AVON, late 1960s, early 1970s: Avon made makeup fun and affordable for all whilst helping women to earn their own money.
ROUGE BAISER, 1940: Seductive one-handed mechanism: stroke the twister to open and the lipstick glides up.
GUERLAIN, 1940s: A thing of beauty, one pull on the tassel would slide the cap and propel the bullet up.
The glamorous act of touching up one’s lipstick with a beautiful mirrored compact became an important cultural gesture.
However, for women at the beginning of the twentieth century, wearing lipstick was largely seen as morally questionable and of the realm of prostitutes and actresses. For this very reason, it became linked to the women’s rights movement, with women campaigning for the right to vote at a march in New York in 1912 defiantly painting their mouths bright red. Revolutionary though it may have been, on a practical level, one couldn’t really transport lipstick safely in her handbag. This changed around 1915, when lipstick began to be produced in metal cartridge containers. The Scovill Manufacturing Company of Connecticut produced the first tube lipstick container in October 1915 with side levers enabling one to push up the lipstick. In 1923 a slightly different container was patented in the United States, which allowed lipstick to swivel out of its tube, and more than a hundred other variations would follow.
One of the most popular brands at this time, especially for younger women, was Tangee, which boasted that it changed color on application according to the individual (even though it appeared tangerine orange in the tube, giving it its name) and was therefore more natural than the other brash lipsticks available. Crucially, Tangee was also cheap around ten cents. As historian Madeleine Marsh points out, Whether you were in Europe or the United States, you could buy a Tangee lipstick at shops like Woolworths or five and dime stores, and for the first time it wasn’t hidden under the counter, you didn’t have to ask a sales assistant to get it for you making the whole process of buying a lipstick accessible and unintimidating.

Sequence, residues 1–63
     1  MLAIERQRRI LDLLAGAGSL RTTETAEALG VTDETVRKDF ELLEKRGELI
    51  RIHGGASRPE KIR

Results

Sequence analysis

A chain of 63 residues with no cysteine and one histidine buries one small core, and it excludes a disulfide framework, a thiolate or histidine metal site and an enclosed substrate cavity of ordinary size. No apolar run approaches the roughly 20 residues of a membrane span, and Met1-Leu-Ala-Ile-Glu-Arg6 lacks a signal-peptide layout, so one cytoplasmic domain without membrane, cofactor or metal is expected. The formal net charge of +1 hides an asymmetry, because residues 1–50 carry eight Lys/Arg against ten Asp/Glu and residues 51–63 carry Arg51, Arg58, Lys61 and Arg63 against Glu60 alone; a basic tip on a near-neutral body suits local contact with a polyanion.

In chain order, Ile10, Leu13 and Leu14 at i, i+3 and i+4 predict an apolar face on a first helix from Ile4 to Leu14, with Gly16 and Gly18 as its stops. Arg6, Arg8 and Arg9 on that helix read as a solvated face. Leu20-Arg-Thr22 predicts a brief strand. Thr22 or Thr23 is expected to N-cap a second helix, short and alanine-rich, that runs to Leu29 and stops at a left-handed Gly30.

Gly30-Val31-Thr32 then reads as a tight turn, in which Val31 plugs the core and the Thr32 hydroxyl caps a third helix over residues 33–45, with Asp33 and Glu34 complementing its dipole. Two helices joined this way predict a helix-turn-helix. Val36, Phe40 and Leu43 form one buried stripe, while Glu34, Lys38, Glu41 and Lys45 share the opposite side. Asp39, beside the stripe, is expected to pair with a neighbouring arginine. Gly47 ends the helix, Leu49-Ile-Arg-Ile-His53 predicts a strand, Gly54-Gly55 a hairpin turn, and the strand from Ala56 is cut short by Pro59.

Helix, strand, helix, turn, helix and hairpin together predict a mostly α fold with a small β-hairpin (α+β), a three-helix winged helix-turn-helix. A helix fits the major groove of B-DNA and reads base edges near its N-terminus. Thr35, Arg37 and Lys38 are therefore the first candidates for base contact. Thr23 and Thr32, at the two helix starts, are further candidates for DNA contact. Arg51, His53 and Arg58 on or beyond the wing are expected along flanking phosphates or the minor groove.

While early ad campaigns had emphasized lipstick’s enhancing of natural beauty, in line with the aversion to makeup appearing artificial, by the Second World War, women were actively encouraged to paint their lips bright red and glossy in order to keep up morale. Red lipstick was a mark of patriotism and showed a will to win and this was reflected in the names of the lipsticks available at the time. In fact, having attempted to stop the production of cosmetics in 1942, the US War Production Board changed their tune and announced that cosmetics were necessary and vital.14 Rosie the Riveter became a wartime icon for a generation of women with her lipsticked mouth and painted nails (and strong arms), and Elizabeth Arden even created a makeup kit for the American Marine Corps Women’s Reserve with a red lipstick that matched elements of their uniforms.
10 Best Makeup Trends For Medium Skin Tones Photo Gallery
Maybe You Like Them Too
- Activate Your Body’S Youth-Boosting Powers With A New, Cutting-Edge Nutrition Plan
- A Natural and Effective Skincare Range to Protect Your Skin From Stress and Perfect Your Complexion For The Big Day
- Flaunt Your Show Stopping Peepers as You Pose up a Storm
- Skin Care to Prevent Wrinkles, Aging Skin, and Dry Skin
- 5 Top Makeup Trends of 2019 – Biggest Beauty Trends